Cash is at a premium during the early days of most businesses. It’s too bad that this is also the time when you seem to need money the most. Whether your company provides services, manufactures goods or sells products from other vendors, you need people, equipment and, of course, a home base.
You may not have the funds to buy everything outright, and you don’t want to start out with unaffordable levels of debt, but there might be another option, which, in a broad sense, can be referred to as rental. You can get many things temporarily for less money, provided that you clearly understand whether or not this is truly the most economically-feasible solution.
No Easy Formula Answers the Question
Looking back at my days in college finance classrooms, I thought that plugging numbers into a formula would answer the lease vs. buy question. With the possible exception of car-buying (lots of calculators can be found online), I was wrong, and for good reason. Choosing between renting people and things incorporates very different considerations.
Still, by answering the following questions, you can get the information needed to make this decision, regardless of what (or whom) you are renting
- How badly do you need it? When you can’t afford to buy outright, you have to ask yourself just how important it is to your business’ ability to function. If your company will close right now without it, then renting may be the right thing to do.
- Do you already have a resource that will temporarily fit the bill? You might be able to make-do with what you have long enough to save up for whatever you need. Maybe Jackie in your warehouse likes to keep busy and is looking for opportunities to learn new tasks (and eventually earn a promotion). Or, while your sales staff might welcome the convenience of new tablet computers, can they get by with laptops a little longer? As for moving into to an office, your home’s basement space might serve you a few months longer.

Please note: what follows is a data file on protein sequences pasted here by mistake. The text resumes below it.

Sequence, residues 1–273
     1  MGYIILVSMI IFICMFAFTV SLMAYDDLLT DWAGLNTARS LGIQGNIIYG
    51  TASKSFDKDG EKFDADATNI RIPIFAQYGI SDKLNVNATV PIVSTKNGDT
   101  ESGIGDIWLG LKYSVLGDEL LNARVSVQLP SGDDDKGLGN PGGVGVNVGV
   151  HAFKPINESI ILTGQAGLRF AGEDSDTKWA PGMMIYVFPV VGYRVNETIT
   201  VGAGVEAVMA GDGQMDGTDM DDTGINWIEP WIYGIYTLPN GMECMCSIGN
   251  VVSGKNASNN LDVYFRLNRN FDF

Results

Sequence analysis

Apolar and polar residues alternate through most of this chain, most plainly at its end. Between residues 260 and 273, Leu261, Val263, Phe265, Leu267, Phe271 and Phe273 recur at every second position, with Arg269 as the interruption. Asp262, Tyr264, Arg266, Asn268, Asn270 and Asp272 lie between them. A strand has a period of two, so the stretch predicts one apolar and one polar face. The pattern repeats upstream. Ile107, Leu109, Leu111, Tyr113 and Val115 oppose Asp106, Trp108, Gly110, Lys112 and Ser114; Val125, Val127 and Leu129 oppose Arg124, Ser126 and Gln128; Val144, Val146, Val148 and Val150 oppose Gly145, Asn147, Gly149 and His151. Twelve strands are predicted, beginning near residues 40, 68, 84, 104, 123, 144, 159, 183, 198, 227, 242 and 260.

- What are the short- and long-term costs and benefits? Never try to escape a solid cost-benefit analysis. Spend some time jotting down a list of all anticipated costs of renting vs. buying, listing the benefits you expect (anticipated increased production, for example) and then monetizing those benefits (dollars of increased sales that new production can earn). Add up the numbers on both sides and compare them to the cost of renting or buying to reveal the most appropriate route to take.
- Will you eventually want to buy your own? Even if you decide to rent for now, you will eventually want to own the equipment that you need, own your office space or bring on a full-time employee to do the work. Would a short-term rental allow you to save enough money to make that purchase possible? Or, is renting expensive enough to overly-delay that needed-purchase? Don’t forget that time is money, too.
Renting to Buy is Often an Option
Sometimes renting up-front has certain advantages, which are significantly different, depending on whether we’re talking about renting people, things or places.
Let’s say that you have already trained a contractor, who performs the assigned tasks flawlessly while getting along famously with every member of your full-time team. Guess what? Many contractors who enjoy the work and the people are happy to stay permanently. Depending on the nature of the original agreement, you may have to buy out the contract. Or, the deal might be as simple as making a direct offer to the person.
You’ve probably seen rent-to-buy real estate or cars, but similar deals are often available when you rent equipment as well. The math can seem a bit complex; the total price of renting and then buying is likely to be higher than the original purchase price. But, you have to factor in the fact that you have already spent much of that money during the rental phase, so the eventual purchase price might not adversely affect your cash flow.
You also need to consider whether newest models make your rented models severely outdated. Even contractors might be susceptible to this decision if their skill sets do not match the future direction of your business. Hey, I said that renting to buy is possible — not that it’s always an easy choice!
Know Your Numbers to Predict the Affordability of Either Option
The bottom line is that both renting and buying are basic spending decisions. Never let it boil down to an instinctive choice just because you think that sales have been pretty good lately. As a small business owner, you should be able to jump into your bookkeeping system and generate some quick financial statements. A look at your Profit and Loss, Cash Flow, Net Income and other information gives you a realistic picture of where you stand right now — and what you can afford.